Pet Care

Preparing Your Dog for a New Baby

puppy resting on sleeping baby's stomach

When you bring a new baby home, your dog will face an overwhelming number of novel sights, sounds and smells. She may find some of them upsetting, especially if she didn’t have opportunities to spend time with children as a puppy. You’ll drastically alter your daily routine, so your dog’s schedule will change, too. And, out of necessity, she’ll get less of your time and attention. It may be a difficult time for her, especially if she’s been the “only child” for a while.

To make things go as smoothly as possible for everyone, it’s important to take some time to prepare your dog for the arrival of your new addition. In the months before the baby comes, you’ll focus on two things:

1. Teaching your dog the skills she’ll need to interact safely with her new family member

2. Helping your dog adjust to the many new experiences and changes ahead

Making a Plan

If your baby’s arrival is still many months away, that’s great! Sticking to the following training plan can help you reach your goals, right on schedule. If you’re getting started a little late in the game, don’t worry. It’s not too late to start working with your dog. She’ll still benefit from any training you can accomplish before your baby’s birth.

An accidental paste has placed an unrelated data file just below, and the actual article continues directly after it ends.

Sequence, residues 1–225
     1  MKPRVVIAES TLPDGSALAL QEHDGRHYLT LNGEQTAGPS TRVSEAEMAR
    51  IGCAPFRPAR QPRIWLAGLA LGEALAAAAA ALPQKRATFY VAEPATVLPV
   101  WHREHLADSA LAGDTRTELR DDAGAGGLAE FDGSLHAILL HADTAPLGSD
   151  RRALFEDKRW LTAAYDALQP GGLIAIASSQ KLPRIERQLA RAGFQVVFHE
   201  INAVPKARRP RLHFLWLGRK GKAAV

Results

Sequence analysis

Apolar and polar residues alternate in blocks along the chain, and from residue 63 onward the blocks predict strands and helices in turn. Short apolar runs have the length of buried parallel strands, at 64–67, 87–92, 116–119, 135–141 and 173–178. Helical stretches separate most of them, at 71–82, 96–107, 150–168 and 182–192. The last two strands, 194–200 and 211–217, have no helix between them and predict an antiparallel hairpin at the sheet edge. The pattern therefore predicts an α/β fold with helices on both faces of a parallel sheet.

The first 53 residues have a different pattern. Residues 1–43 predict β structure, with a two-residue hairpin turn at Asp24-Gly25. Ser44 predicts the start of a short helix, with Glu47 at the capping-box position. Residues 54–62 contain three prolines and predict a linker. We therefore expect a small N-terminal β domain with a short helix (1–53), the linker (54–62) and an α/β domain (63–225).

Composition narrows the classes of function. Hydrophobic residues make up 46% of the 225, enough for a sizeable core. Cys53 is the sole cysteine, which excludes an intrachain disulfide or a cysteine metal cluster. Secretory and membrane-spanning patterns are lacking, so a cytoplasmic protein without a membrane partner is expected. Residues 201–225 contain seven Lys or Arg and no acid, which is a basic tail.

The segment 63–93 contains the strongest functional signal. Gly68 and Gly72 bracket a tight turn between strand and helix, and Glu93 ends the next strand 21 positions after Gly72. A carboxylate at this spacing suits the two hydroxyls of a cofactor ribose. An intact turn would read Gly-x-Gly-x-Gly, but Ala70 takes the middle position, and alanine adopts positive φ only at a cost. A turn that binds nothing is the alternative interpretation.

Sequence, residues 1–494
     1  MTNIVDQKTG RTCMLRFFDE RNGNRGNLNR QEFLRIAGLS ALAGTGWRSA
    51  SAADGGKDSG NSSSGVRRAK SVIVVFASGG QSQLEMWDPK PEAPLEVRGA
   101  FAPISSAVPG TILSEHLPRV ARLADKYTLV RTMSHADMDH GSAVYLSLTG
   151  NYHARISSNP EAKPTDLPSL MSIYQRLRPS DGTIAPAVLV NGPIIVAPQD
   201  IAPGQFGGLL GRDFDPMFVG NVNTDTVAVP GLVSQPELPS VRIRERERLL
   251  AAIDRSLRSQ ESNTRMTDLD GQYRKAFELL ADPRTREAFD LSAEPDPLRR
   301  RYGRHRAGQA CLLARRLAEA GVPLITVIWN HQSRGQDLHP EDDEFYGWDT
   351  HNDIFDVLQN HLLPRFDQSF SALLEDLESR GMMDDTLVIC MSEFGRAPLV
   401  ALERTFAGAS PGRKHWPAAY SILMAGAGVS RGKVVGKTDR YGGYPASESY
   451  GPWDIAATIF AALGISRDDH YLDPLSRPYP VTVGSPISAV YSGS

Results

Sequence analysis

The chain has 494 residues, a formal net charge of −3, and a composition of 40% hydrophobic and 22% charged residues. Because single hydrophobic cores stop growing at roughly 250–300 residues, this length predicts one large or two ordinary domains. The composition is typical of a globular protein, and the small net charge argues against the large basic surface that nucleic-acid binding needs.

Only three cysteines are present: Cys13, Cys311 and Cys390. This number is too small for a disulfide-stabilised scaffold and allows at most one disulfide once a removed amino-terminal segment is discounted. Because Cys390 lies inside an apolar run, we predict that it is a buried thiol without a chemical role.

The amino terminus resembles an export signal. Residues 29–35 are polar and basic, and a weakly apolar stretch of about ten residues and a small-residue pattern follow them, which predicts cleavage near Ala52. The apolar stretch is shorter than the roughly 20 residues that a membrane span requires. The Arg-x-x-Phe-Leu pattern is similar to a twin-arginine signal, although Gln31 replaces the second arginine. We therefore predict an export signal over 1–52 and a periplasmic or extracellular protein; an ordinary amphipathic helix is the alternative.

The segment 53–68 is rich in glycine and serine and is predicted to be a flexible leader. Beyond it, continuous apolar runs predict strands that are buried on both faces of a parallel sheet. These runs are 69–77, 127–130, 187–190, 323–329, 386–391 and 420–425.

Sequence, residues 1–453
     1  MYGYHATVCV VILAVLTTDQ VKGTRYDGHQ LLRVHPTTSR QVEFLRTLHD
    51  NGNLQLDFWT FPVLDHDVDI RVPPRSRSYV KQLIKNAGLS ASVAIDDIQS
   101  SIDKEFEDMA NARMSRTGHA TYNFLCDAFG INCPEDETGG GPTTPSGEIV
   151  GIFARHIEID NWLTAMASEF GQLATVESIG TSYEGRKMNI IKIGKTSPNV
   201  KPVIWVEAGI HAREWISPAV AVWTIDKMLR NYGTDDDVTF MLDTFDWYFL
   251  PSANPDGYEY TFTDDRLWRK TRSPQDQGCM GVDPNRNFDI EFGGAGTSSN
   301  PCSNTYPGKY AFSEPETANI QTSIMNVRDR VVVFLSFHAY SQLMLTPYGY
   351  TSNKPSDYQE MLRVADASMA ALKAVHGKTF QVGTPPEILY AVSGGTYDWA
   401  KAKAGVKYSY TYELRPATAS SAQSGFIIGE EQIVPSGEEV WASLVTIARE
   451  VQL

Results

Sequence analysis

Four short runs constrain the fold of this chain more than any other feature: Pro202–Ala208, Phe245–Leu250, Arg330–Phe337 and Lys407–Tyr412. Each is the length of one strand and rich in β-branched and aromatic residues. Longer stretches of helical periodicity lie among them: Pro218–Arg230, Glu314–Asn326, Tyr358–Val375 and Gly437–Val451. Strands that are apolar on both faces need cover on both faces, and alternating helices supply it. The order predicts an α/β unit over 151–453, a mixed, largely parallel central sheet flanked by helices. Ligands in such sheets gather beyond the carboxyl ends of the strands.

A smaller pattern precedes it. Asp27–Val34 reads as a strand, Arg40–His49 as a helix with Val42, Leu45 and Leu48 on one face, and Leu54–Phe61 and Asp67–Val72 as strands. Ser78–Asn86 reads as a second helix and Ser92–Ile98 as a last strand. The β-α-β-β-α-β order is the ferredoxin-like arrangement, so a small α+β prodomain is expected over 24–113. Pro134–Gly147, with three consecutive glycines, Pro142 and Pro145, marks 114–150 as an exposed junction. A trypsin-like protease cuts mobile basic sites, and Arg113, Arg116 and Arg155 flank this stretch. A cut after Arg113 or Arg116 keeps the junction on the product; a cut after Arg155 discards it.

• Right now Teaching your dog some basic obedience skills will help you manage her behavior when the baby comes. Please see the section below, Teaching Your Dog Important New Skills, for specific training guidelines. Consider enrolling in a group class to get a head start. (To learn how to locate a qualified trainer in your area, please see our article on Finding Professional Help.)